Morphological changes of olivine grains reacted with amino acid solutions by impact process

Yuhei Umeda, Atsushi Takase, Nao Fukunaga, Toshimori Sekine, Takamichi Kobayashi, Yoshihiro Furukawa, Takeshi Kakegawa

Research output: Contribution to journalArticlepeer-review

1 Citation (Scopus)


Early oceans on Earth might have contained certain amounts of biomolecules such as amino acids, and they were subjected to meteorite impacts, especially during the late heavy bombardment. We performed shock recovery experiments by using a propellant gun in order to simulate shock reactions among olivine as a representative meteorite component, water and biomolecules in oceans in the process of marine meteorite impacts. In the present study, recovered solid samples were analyzed by using X-ray powder diffraction method, scanning electron microscopy, electron probe microanalysis, and transmission electron microscopy with energy-dispersive X-ray spectrometry. The analytical results on shocked products in the recovered sample showed (1) morphological changes of olivine to fiber- and bamboo shoot-like crystals, and to pulverized grains; and features of lumpy surfaces affected by hot water, (2) the formation of carbon-rich substances derived from amino acids, and (3) the incorporation of metals from container into samples. According to the present results, fine-grained olivine in meteorites might have morphologically changed and shock-induced chemical reactions might have been enhanced so that amino acids related to the origin of life may have transformed to carbon-rich substances by impacts.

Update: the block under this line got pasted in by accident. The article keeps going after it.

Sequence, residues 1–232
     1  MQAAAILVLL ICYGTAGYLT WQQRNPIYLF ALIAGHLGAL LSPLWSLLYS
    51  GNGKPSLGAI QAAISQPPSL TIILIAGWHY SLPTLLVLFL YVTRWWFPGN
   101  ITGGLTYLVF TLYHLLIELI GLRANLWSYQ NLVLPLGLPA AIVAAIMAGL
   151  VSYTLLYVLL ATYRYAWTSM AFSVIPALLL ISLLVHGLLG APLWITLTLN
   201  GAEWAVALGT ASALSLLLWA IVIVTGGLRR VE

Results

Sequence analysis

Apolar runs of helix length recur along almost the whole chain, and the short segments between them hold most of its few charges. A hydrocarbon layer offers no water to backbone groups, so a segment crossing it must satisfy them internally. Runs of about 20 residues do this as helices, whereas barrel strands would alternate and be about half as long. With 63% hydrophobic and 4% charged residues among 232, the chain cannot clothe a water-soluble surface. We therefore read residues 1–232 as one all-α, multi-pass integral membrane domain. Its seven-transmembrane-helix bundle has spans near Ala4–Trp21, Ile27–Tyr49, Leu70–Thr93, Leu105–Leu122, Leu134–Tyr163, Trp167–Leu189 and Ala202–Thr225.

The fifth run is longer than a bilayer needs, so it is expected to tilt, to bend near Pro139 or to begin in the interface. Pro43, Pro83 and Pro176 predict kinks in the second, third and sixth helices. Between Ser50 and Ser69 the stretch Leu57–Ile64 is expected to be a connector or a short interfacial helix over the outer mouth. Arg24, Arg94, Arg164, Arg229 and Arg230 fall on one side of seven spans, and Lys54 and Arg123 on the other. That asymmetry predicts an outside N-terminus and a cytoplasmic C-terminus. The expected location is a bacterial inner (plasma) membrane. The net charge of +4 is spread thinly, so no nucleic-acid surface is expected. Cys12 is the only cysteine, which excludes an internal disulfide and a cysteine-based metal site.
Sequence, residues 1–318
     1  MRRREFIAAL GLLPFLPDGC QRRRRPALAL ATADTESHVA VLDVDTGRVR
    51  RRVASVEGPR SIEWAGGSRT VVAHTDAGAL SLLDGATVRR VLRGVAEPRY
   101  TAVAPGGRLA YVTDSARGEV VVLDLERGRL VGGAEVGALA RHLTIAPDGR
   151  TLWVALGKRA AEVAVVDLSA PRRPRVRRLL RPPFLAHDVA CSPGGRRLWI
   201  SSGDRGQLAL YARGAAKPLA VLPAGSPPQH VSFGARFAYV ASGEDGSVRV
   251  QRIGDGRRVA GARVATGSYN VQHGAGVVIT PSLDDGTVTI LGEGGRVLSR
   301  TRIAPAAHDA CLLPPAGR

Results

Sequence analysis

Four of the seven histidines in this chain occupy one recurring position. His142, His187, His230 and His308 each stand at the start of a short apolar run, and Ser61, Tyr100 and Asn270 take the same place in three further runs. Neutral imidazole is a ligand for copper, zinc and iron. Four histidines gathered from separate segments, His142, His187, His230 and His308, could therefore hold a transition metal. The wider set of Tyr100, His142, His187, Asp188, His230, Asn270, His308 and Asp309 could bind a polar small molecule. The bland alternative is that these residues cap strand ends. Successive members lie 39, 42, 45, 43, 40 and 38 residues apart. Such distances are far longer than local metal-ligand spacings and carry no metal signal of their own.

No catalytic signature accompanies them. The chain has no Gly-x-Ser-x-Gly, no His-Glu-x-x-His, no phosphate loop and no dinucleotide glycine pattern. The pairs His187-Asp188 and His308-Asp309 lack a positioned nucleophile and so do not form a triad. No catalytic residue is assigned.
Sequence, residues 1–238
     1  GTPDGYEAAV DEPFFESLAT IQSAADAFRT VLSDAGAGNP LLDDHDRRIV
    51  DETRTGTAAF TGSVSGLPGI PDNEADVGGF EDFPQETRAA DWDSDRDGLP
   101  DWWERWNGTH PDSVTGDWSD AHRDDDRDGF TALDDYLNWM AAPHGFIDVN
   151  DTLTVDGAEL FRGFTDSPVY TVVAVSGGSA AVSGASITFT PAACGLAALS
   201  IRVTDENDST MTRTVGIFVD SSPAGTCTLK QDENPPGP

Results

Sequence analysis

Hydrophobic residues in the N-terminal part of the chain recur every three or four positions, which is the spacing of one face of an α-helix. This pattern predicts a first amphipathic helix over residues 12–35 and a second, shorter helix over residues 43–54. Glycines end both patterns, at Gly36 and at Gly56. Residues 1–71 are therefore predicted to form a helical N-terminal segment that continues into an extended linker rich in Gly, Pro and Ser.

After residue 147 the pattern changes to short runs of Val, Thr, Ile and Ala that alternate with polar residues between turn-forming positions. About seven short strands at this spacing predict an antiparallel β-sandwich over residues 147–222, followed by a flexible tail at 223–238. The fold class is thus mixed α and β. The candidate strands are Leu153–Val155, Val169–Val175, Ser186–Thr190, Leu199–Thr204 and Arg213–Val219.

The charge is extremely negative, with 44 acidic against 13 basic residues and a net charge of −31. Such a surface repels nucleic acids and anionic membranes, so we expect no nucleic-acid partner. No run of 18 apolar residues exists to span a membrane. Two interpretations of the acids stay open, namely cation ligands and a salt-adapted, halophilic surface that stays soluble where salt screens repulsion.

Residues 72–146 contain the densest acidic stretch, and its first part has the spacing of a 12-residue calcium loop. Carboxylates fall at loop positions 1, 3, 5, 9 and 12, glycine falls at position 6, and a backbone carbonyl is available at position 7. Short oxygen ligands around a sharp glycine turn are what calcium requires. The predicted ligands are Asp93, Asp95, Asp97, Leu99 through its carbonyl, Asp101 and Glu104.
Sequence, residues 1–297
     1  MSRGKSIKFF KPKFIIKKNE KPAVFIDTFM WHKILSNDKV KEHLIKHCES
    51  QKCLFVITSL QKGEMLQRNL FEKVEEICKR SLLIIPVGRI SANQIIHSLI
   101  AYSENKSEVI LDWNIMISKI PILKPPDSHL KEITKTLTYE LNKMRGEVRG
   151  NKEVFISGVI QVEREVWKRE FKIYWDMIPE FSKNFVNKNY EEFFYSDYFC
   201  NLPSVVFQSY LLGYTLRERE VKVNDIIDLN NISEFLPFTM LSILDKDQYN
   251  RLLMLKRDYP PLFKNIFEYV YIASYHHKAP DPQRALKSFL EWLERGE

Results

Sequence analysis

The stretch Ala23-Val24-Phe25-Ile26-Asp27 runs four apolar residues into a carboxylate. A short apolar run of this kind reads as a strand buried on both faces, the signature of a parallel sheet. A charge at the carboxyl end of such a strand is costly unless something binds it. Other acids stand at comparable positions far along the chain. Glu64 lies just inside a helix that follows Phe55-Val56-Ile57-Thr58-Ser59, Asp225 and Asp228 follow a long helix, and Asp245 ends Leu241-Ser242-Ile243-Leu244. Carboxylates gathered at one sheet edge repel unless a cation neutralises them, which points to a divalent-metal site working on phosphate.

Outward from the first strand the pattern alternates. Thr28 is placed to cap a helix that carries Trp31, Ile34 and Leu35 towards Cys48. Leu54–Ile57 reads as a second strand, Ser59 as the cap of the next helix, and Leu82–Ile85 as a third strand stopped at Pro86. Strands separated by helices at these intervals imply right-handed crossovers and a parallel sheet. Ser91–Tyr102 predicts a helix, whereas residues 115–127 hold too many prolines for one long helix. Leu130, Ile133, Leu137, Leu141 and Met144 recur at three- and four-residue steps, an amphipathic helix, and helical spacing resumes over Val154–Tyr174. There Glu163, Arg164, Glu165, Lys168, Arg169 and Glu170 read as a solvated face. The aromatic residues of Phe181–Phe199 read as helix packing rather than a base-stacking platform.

Original languageEnglish
Pages (from-to)203-212
Number of pages10
JournalPhysics and Chemistry of Minerals
Issue number3
Publication statusPublished - Mar 1 2017
Externally publishedYes


  • Amino acids
  • Marine meteorite impacts
  • Morphological changes
  • Olivine
  • Shock reactions
  • Shock recovery experiments

ASJC Scopus subject areas

  • General Materials Science
  • Geochemistry and Petrology


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